We asked David Chin, Tutor.com’s Project Manager to tell us a little bit about Chinese New Year and how he used to celebrate as a child growing up in NYC.
Chinese New Year is the most important holiday in the Chinese calendar. It is a time to buy decorations, food and new clothing. Traditionally, every family cleans their house which symbolically represents sweeping away bad luck in order to make way for any good luck the new year provides. It is also a time for family and feasting.
As teenager in NYC, I celebrated by participating in the annual Chinese New Year parade in Chinatown. I belonged to a youth community organization and performed the traditional lion dance with them each year.
Most teens typically descend into Chinatown to watch the parades and to celebrate with fireworks. The biggest draw Chinese New Year has on a kid/teen is the expectation to receive many lucky red envelopes, as they’re filled with money. So, basically it’s party on with free cash!
As a dad of three kids, I’m happy to continue on with these traditions pretty much the same way I always have: traditional family dinners, participating in the parade, and when my kids get old enough, teaching them the traditional lion dance, etc., so that they can carry on the tradition.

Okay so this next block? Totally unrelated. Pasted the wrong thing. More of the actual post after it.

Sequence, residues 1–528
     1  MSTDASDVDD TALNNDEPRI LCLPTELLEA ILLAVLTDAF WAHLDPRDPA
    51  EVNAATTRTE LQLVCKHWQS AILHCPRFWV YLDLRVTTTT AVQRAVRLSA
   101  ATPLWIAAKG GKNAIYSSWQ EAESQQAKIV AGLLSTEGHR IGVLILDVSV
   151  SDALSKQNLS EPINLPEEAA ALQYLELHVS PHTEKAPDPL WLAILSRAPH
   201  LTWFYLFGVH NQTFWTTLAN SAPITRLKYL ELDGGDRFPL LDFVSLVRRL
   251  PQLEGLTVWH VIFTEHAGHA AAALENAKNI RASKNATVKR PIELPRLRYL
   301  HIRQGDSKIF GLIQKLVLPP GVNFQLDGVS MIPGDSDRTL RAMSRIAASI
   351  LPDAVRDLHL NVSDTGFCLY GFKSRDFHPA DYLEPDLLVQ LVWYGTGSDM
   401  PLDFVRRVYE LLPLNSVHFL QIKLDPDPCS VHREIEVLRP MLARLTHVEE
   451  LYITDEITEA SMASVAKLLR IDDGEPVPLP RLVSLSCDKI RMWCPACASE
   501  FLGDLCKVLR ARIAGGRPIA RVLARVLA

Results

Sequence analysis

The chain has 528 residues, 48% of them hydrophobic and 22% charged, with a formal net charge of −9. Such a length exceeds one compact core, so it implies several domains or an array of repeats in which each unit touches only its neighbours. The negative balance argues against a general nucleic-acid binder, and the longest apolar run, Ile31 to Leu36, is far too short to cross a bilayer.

Quick Facts about Chinese New Year
- This is the year of the rabbit, according to the traditional Chinese lunar calendar. People born in the year of the rabbit are believed to be moderate, kind, happy and have great taste. Rabbits are also cautious and somewhat mysterious. People born in the years of 1963, 1975, 1987, 1999 and 2011 are all rabbits.
- Fireworks, firecrackers and loud noises are a part of the celebration! This is to ward off evil spirits and attract the god of wealth.
- Tradition holds that on the seventh day of the new year, everyone become one year older.
- Red is considered a lucky color in China.
- The Chinese New Year is based upon a lunar calendar and the cycles of the moon which is why the date fluctuates every year.
Sun Neen Fai Lok!